Insect morphology in the age of phylogenomics


Wednesday, March 13, 2019 - 14:00 to 15:00


Seminar Room C209, Center Building


Prof. Rolf G. Beutel, FSU Jena, Institut für Zoologie und Evolutionsforschung, Germany

Insect morphology in the age of phylogenomics

Insect phylogeny has made tremendous progress in the last decade. The acquisition of high quality morphological data was greatly accelerated by an optimized combination of traditional and innovative techniques. The size of molecular data sets has enormously increased and robust phylogenetic results are obtained with refined analytical methods of transcriptomes and genomes. Despite of improved data and methods, the basal branching events in Hexapoda, i.e. the relationships of the three entognathous orders remain obscure. Palaeoptera, Odonata + Ephemeroptera, may be monophyletic but this is still ambiguous. The resolution of the large neopteran lineage Polyneoptera is greatly improved, with the controversial Zoraptera placed at the base, together with Dermaptera. The paraphyly of Acercaria (=Paraneoptera) obtained by initial transcriptome analyses is likely an artifact. Morphological data and recent molecular results suggest a monophyletic origin, with paraphyletic Psocoptera and true lice forming a clade Psocodea which is the sistergroup of Condylognatha, i.e. Thysanoptera + the megadiverse Hemiptera. The phylogenetic relationships of the “hyperdiverse” Holometabola are completely resolved with large morphological and molecular data sets. The future of insect systematics and evolutionary biology lies in an efficient cooperation between morphologists, embryologists, palaeontologists, bioinformaticians, and molecular systematists.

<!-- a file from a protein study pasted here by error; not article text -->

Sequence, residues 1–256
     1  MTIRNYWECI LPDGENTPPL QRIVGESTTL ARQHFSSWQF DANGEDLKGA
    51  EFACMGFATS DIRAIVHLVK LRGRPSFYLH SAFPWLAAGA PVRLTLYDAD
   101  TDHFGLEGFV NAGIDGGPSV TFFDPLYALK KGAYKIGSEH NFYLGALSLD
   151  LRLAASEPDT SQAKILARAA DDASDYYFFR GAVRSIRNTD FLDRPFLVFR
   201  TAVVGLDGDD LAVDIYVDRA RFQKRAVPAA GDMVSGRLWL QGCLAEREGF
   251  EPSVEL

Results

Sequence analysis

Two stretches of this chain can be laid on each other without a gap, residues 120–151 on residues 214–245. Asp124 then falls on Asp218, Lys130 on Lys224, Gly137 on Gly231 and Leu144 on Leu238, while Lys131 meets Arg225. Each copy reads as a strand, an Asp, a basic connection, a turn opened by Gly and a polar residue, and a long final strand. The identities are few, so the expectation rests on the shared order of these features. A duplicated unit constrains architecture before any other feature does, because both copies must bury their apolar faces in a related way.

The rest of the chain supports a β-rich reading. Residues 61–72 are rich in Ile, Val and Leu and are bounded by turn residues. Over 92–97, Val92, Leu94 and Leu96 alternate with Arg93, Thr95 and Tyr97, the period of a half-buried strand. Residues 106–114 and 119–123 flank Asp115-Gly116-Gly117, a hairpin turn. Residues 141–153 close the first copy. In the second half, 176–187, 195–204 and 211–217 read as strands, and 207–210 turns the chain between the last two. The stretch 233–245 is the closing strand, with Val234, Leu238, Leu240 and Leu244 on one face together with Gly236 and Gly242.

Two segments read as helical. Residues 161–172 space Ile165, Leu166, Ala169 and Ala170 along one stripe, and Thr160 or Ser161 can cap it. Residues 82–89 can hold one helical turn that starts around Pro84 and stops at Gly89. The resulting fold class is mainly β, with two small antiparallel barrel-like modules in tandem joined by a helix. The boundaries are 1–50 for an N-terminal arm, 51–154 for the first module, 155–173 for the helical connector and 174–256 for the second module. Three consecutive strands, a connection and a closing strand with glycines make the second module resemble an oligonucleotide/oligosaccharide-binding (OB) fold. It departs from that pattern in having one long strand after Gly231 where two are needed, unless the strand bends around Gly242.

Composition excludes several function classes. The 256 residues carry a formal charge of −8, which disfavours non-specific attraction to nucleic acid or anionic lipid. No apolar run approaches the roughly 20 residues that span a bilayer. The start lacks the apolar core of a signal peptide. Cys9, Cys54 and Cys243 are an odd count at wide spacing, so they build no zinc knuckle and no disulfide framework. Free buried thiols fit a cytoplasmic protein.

Fig. 1. Phylogeny of Hexapoda based on transcriptome analyses (Misof et al. 2014)

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